Popular Science

Inside the controversial new surgery to transplant human wombs

Pioneering surgeons have made it possible to transplant a human uterus that can bear children, offering hope to millions of women who never thought they could give birth.

On September 4, 2014, in Gothenburg, Sweden, his 36-year-old expectant mother lay on an operating table, suffering from preeclampsia—a pregnancy complication associated with high blood pressure. The baby’s heartbeat showed signs of stress. Normally the woman’s doctors might have taken a wait-and-see approach, treating her with medication and hoping to give the nearly 32-week-old fetus time to grow to full term of about 40 weeks.

But this was no normal gestation. This was the world’s first human nurtured inside a transplanted uterus. He was the product of more than a decade of research. For years, no one had been sure he could exist in that womb—let alone be born. This was not a wait-and-see situation.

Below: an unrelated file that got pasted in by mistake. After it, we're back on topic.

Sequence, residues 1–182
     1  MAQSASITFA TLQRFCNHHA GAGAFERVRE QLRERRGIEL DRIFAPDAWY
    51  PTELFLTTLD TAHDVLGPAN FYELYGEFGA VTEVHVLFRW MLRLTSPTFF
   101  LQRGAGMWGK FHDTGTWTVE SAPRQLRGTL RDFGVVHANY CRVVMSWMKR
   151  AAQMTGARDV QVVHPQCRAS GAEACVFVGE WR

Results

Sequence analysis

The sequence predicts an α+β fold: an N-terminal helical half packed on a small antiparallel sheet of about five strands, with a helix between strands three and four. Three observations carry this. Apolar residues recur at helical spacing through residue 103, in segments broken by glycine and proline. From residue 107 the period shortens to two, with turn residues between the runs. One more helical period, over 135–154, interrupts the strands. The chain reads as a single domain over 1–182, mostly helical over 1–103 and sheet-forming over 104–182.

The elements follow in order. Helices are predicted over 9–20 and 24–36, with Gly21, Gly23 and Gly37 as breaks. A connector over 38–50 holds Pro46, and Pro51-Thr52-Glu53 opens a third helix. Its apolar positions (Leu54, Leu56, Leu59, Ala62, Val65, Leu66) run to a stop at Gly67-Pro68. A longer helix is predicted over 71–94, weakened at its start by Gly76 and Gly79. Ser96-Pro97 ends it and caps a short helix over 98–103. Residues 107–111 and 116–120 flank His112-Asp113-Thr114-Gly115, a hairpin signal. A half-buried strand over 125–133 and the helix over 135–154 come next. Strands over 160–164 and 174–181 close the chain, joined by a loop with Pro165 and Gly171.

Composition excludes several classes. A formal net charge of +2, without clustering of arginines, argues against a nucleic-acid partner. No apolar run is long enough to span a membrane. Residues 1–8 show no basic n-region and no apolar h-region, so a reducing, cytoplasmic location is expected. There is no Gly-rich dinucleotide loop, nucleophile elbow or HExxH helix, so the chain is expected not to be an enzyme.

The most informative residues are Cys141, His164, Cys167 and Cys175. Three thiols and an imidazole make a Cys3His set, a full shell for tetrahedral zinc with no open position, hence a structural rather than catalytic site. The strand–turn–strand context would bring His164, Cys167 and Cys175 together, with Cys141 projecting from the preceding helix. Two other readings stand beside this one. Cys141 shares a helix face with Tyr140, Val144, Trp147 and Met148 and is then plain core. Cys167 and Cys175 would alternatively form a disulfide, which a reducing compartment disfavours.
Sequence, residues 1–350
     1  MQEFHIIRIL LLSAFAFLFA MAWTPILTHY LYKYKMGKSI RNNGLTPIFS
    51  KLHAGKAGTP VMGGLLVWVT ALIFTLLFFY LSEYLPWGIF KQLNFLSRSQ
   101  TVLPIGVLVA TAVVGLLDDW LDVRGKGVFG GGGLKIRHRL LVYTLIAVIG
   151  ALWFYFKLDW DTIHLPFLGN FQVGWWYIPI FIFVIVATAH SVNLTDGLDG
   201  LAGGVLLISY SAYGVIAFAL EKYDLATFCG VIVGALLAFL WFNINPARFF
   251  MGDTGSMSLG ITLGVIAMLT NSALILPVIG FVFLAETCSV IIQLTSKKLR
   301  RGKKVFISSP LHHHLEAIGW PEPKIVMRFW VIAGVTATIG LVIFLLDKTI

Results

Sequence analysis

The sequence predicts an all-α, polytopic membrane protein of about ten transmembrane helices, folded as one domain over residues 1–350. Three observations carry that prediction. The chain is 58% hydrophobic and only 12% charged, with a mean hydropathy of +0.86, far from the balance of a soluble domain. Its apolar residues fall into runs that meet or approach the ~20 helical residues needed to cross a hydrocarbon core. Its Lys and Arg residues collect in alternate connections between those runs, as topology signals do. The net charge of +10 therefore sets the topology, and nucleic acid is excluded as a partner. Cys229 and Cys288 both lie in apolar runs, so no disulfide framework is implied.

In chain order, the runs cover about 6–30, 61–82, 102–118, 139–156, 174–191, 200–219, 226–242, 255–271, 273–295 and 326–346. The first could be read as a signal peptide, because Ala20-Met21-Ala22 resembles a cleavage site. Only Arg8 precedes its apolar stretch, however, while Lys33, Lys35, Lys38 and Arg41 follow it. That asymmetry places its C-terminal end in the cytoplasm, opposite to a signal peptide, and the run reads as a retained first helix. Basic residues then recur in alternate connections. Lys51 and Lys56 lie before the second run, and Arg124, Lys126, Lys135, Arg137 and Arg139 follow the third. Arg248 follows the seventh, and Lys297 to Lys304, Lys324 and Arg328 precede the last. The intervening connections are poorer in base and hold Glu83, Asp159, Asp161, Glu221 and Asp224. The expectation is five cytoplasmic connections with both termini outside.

As gynecologist and surgeon Liza Johannesson prepped to deliver the child via cesarean section, she was nervous. Not for the baby—she was used to delivering those—but for the uterus. It was 62 years old. A family friend of the patient, who had been born without her own womb, had donated it. The last time it had sustained a life was nearly three decades earlier. “We didn’t know what to expect,” Johannesson says. “We didn’t know if we were going to see [scar tissue] from the transplant surgery or how the new vessels would look, and how they would be positioned.” But as she cut into the woman’s abdomen, her scalpel revealed a uterus that, she says, “looked like it was 20. It reacted the same way it would if it were super young and super healthy. You couldn’t tell it was an old uterus.”

The baby and the mother too both turned out

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